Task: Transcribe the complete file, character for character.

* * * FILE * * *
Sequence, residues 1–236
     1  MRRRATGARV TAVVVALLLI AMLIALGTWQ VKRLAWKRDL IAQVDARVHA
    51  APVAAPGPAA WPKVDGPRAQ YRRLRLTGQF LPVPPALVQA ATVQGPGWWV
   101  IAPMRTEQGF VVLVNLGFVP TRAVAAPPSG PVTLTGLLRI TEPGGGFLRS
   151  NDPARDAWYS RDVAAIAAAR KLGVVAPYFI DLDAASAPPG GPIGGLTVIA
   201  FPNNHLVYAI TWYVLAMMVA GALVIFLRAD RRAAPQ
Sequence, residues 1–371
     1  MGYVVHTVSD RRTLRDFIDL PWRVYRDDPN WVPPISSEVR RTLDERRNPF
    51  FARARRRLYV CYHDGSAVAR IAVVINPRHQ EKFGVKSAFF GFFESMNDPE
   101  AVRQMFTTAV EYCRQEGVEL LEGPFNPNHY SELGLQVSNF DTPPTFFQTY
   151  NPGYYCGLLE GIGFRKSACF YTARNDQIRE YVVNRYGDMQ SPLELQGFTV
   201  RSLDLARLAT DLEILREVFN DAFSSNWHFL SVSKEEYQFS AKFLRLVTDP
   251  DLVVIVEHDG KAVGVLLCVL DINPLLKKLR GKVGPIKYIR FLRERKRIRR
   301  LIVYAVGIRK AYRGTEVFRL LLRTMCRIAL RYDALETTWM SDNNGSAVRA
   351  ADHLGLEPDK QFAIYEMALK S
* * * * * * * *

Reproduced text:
Sequence, residues 1–236
     1  MRRRATGARV TAVVVALLLI AMLIALGTWQ VKRLAWKRDL IAQVDARVHA
    51  APVAAPGPAA WPKVDGPRAQ YRRLRLTGQF LPVPPALVQA ATVQGPGWWV
   101  IAPMRTEQGF VVLVNLGFVP TRAVAAPPSG PVTLTGLLRI TEPGGGFLRS
   151  NDPARDAWYS RDVAAIAAAR KLGVVAPYFI DLDAASAPPG GPIGGLTVIA
   201  FPNNHLVYAI TWYVLAMMVA GALVIFLRAD RRAAPQ
Sequence, residues 1–371
     1  MGYVVHTVSD RRTLRDFIDL PWRVYRDDPN WVPPISSEVR RTLDERRNPF
    51  FARARRRLYV CYHDGSAVAR IAVVINPRHQ EKFGVKSAFF GFFESMNDPE
   101  AVRQMFTTAV EYCRQEGVEL LEGPFNPNHY SELGLQVSNF DTPPTFFQTY
   151  NPGYYCGLLE GIGFRKSACF YTARNDQIRE YVVNRYGDMQ SPLELQGFTV
   201  RSLDLARLAT DLEILREVFN DAFSSNWHFL SVSKEEYQFS AKFLRLVTDP
   251  DLVVIVEHDG KAVGVLLCVL DINPLLKKLR GKVGPIKYIR FLRERKRIRR
   301  LIVYAVGIRK AYRGTEVFRL LLRTMCRIAL RYDALETTWM SDNNGSAVRA
   351  ADHLGLEPDK QFAIYEMALK S